Nation and World 11/17/2010
Published: Wednesday, November 17, 2010
Updated: Wednesday, November 17, 2010 10:11
Katrina victims in Mississippi to receive more housing aid
Five years after Hurricane Katrina, Federal and state officials and housing advocates on Monday announced the launch of a $133 million program to address the housing needs that remain for Mississippi residents. This comes after months of wrangling among officials from the Department of Housing and Urban Development and the Mississippi governor's office and housing advocates. These advocates have long since criticized the state for not spending enough federal grant money on low-income residents, who this program targets.
Supreme Court rules gun possession in drug crimes adds five years
The Supreme Court ruled Monday that people convicted of gun possession while selling drugs are subject to a mandatory five-year minimum sentence, in addition to other sentences. The first signed decision of the term, the ruling was unanimous; however, Justice Elena Kagan self-disqualified due to her work as United States solicitor general, and did not participate.
E.U. talks on budget for 2011 stalled again
Talks on the European Union's 2011 budget broke down the second in a week on Monday, when key governments and the bloc's directly elected Parliament came to a stalemate. If they fail to reach a consensus before the end of this calendar year, the 2010 could possibly be rolled over to apply to next year, therefore putting the funding of some programs at risk. Members of the European Parliament and officials said that a failure to agree could delay reimbursement to national governments who have already paid out farm subsidies.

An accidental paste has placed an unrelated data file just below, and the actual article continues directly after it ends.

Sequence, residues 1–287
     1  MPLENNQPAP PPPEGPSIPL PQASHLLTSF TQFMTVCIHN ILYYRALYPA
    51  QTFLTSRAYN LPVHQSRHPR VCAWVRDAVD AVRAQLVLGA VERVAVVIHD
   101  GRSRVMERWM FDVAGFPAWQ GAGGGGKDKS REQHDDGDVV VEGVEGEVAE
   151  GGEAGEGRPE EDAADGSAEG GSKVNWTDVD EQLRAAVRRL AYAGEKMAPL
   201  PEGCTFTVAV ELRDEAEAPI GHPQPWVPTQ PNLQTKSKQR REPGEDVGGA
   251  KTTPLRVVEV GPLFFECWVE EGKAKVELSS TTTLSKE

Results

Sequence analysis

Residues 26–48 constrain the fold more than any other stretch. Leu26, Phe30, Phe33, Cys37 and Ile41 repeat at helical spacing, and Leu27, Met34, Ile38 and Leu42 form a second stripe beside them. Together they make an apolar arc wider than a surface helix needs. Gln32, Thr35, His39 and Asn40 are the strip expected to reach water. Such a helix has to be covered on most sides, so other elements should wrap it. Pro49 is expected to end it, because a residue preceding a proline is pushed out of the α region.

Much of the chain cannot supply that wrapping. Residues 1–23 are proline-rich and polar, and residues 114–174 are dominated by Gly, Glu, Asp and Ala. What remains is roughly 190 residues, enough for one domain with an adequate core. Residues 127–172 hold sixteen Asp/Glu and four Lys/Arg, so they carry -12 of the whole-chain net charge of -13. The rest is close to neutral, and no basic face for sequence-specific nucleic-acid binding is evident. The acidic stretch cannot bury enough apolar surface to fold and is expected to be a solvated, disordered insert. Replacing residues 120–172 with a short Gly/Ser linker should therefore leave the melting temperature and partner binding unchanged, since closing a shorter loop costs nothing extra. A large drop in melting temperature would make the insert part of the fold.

Seven people charged in organ-trafficking based in Kosovo
At least seven people have been charged with participation in an international organ-trafficking network based in Kosovo. The network sold kidneys and other organs for up to $200,000 to patients around the world, in countries such as Israel and Canada, reported police and senior E.U. officials. According to the indictment, traffickers promised impoverished people in Istanbul, Moscow, Moldova and Kazakhstan up to $20,000 for their organs, but law enforcement officials say that many never received any compensation whatsoever.